Olympic Peninsula, WA, late summer, 2021

Aug 29 to Sept 3, 2021 – We scheduled a trip to the Olympic Mountains after our Iceland plans were cancelled due to increased spread of the Delta variant of Covid 19. We have been to the Olympics a few times, and have wanted to go back and explore more in the Hurricane Hill/Deer Park area where there are higher altitude hiking trails, the only ones that can be accessed without overnight backpacking. The weather was perfect, but a different sort of human pathology foiled our plans. The night we arrived in Port Angeles, the Olympic National Park website posted a closure alert due to police action. The closure continued for the three days we were in the area, so each day we found alternative hikes.

Location map...

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Driving north on 101 toward the Olympic Mountains – great weather ahead!

Port Angeles

Our hotel on the hill right above the center of town had an expansive view across the harbor, all the way to Victoria and the San Juan Islands. Port Angeles is home to the ferry to Victoria, BC. On previous visits, long lineups of vehicles filled the ferry loading zone at the dock, while people waiting to cross filled the town with activity. The ferry has been closed due to Covid since March of 2020. The town felt eerily quiet  as we walked along the waterfront, admiring the beautiful setting and the shipping activity in the harbor.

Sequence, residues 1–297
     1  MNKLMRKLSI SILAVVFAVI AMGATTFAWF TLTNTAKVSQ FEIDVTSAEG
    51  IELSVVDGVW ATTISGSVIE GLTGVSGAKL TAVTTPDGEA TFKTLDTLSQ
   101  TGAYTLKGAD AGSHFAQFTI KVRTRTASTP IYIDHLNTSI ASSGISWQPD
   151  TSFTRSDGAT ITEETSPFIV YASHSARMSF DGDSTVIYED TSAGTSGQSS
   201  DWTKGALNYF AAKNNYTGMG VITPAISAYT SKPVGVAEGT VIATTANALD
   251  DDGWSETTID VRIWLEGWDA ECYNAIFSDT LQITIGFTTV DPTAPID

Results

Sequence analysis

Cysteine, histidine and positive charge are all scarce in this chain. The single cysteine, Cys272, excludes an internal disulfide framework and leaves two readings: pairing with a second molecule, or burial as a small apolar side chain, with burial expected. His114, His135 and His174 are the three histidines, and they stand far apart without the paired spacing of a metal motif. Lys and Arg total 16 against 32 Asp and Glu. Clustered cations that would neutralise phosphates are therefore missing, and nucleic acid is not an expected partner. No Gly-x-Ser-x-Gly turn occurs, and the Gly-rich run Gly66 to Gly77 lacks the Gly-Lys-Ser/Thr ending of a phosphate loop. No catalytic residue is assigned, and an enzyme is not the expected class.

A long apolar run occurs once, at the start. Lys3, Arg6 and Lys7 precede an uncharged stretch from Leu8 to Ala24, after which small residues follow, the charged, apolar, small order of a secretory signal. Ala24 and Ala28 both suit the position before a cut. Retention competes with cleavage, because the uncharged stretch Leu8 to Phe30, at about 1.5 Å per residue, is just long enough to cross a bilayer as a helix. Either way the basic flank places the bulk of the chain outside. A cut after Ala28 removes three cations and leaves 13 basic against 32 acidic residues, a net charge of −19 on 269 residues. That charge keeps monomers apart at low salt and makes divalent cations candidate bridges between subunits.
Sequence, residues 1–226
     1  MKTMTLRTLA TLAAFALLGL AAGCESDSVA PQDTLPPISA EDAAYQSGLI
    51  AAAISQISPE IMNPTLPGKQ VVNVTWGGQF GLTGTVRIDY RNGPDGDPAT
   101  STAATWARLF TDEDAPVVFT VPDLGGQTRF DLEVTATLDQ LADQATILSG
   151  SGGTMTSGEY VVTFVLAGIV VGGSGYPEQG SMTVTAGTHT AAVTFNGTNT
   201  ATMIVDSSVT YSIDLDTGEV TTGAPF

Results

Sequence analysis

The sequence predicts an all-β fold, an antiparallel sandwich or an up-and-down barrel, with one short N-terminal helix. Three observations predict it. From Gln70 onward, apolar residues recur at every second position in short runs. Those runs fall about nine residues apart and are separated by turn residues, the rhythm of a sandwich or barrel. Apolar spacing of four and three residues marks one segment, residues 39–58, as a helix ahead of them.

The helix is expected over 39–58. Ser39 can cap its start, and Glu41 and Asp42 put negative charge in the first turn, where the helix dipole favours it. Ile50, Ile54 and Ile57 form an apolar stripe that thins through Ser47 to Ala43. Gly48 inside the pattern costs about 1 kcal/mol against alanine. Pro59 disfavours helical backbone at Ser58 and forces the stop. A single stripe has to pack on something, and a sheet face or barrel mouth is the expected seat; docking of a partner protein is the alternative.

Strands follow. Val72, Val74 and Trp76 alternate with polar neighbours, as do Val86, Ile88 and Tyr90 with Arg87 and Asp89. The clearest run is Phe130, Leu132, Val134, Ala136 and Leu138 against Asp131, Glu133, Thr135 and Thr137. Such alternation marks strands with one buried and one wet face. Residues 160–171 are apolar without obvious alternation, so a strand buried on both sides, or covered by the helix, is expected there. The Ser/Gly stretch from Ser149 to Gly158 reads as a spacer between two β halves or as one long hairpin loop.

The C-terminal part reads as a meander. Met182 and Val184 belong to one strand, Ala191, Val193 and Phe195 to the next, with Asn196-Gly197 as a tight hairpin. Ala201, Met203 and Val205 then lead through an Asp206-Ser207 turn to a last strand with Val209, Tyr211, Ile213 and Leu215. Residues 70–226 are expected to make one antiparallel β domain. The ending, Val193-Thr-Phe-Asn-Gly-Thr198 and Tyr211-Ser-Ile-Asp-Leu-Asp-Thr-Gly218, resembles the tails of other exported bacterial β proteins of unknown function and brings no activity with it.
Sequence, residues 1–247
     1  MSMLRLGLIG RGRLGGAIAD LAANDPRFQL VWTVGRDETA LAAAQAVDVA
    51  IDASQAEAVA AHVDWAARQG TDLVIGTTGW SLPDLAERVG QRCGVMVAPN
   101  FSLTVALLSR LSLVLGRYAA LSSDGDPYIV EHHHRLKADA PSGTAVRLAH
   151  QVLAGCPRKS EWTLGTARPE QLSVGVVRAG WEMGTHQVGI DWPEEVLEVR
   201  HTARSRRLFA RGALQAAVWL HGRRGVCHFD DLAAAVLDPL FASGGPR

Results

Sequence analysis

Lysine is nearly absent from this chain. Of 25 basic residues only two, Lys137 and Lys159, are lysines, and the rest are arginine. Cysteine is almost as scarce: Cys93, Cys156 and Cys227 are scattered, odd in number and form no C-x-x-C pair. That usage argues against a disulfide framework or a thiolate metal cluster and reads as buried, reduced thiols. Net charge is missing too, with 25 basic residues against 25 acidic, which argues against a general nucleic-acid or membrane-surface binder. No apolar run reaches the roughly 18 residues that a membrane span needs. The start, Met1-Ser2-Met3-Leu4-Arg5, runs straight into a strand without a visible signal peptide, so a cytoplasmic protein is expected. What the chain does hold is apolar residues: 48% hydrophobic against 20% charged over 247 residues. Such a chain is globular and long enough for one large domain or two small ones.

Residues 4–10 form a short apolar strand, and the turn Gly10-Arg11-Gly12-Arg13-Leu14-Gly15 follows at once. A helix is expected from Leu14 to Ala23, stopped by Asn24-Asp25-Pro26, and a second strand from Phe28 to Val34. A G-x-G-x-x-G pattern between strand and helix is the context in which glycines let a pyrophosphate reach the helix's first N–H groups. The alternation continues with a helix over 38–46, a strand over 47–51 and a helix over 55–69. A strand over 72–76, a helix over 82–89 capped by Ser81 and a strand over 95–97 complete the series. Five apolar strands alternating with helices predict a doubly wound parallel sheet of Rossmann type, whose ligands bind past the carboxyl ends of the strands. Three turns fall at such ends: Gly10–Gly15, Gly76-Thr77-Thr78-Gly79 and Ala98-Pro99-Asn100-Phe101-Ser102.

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View across the Strait of Juan de Fuca, Mt Baker poking above the marine layer

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Another view of Mt Baker beyond the ship

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Hotel balcony view across Port Angeles Harbor to Vancouver Island

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Stairs down to town

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Evening lights

Sol Duc Falls

Monday, August 30th – A short trail leads to a beautiful triple falls.

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Sol Duc Falls

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We explored the river above the waterfall.

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American dipper on the rocks.

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Calmer water

We continued farther up the Sol Duc Trail to extend our hike.

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Shelter near Sol Duc Falls

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Trail beyond the waterfall…

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Corydalis

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The blue bead berries of the Queen’s cup or bead lily

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Vanilla leaf

Ediz Hook